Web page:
I tried not to think of the word “accident” but saw nothing, said nothing, heard nothing until “All change”. The bus shuddered to a halt and Mum pushed me in front of her along the gangway, and then off the high step onto the pavement. The broad black expanse of the River Mersey stretched out before us, slowly winding its way to Liverpool and into the Irish Sea. The grey sky was so low that the towers holding up the bridge across the river disappeared into the dark clouds.

“Where are we going Mum?”

“To get you some sunshine!”

I was confused.  Sunshine?

“Come along now, we haven’t got all day.”

She took a firm grip on my wrist and hurried towards a large brick building overlooking the river. I tried to keep up and look at the building at the same time, but only managed to stumble.

“Pick your feet up now!”

The building was made of smooth red brick and roof tiles, high narrow windows and dark brown varnished double doors with worn brass handles. Over the door the large letters confirmed my worst fears: Widnes Accident Hospital. Shivers spread down my back.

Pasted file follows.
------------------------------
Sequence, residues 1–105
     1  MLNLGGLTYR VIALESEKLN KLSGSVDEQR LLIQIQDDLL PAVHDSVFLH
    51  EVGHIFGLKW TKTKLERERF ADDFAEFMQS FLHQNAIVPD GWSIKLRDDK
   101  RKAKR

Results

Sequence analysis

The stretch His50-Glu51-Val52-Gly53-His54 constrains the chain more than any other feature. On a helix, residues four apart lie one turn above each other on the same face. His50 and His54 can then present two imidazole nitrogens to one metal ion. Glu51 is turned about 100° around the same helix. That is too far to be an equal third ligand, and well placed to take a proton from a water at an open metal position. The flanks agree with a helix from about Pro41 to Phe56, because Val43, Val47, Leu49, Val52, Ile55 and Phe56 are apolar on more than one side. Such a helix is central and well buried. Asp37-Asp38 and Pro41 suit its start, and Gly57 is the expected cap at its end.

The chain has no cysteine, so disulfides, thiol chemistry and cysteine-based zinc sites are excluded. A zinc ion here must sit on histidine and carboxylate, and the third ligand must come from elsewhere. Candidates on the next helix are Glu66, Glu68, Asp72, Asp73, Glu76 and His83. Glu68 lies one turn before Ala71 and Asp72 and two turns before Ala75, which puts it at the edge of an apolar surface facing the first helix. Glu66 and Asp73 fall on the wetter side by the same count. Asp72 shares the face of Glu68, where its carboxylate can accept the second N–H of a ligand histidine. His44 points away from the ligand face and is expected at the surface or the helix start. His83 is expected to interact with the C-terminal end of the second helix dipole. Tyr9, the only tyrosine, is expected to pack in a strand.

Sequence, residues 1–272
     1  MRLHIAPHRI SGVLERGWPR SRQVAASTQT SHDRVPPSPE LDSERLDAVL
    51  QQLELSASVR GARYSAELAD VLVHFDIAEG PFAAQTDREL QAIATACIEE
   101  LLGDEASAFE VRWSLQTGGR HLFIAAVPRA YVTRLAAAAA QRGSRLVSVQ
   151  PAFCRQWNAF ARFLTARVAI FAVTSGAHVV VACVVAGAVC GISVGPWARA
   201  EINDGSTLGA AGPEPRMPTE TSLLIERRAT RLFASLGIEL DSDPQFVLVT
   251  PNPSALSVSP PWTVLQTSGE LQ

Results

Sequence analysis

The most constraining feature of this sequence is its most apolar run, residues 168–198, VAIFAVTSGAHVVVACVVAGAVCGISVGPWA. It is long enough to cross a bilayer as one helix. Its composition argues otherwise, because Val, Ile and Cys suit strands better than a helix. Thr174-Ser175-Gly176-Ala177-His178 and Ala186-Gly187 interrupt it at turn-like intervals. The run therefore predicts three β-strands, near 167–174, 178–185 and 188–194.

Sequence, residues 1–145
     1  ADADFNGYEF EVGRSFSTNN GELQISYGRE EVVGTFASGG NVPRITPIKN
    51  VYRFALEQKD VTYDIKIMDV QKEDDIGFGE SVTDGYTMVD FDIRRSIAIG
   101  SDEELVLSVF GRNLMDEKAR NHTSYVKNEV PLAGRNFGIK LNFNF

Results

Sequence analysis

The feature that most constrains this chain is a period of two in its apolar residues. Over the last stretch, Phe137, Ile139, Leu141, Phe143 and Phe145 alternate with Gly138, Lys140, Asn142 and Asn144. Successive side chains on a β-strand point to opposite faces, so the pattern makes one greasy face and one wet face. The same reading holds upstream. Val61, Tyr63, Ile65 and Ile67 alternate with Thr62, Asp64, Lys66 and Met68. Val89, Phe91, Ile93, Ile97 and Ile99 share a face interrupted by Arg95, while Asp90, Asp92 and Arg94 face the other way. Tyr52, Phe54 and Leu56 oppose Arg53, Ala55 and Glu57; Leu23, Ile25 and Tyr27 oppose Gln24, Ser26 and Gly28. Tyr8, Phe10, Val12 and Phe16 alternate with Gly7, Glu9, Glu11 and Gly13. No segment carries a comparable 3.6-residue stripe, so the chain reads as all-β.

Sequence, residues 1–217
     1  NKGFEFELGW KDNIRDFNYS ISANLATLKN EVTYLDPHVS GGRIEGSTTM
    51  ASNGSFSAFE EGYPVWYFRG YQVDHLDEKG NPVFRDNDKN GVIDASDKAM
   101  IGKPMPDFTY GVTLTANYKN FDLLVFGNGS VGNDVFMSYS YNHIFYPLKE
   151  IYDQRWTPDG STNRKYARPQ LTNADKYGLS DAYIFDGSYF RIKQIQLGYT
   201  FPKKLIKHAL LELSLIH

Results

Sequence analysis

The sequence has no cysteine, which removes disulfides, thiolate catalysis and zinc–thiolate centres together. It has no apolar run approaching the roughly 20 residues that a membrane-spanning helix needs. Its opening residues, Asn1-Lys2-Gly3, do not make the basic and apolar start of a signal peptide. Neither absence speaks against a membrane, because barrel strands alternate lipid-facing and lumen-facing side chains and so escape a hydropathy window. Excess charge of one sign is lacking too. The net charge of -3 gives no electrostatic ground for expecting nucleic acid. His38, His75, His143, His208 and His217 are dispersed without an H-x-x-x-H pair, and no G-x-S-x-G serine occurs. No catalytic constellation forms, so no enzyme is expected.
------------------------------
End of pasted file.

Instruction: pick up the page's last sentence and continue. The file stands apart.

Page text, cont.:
There was no turning back as Mum put her weight behind the brass door handle and pushed me inside, the heavy door slamming behind us. It was cool and empty inside, with a sharp smell of cleaning fluid. The same stuff was used in our school. Footsteps echoed along the corridors and muted voices could be heard behind more dark brown doors. Mum  felt at home, after working as a nurse during the war. She purposefully chose one of the doors and in we went, to be confronted by a large woman in a white uniform and funny hat standing behind a wooden counter. “In there and get ready”, she said pointing to another door. Ready for what, I thought, looking round for an escape route. Mum was having none of it. She  shepherded me firmly through the next door. Now I would never find my way out again .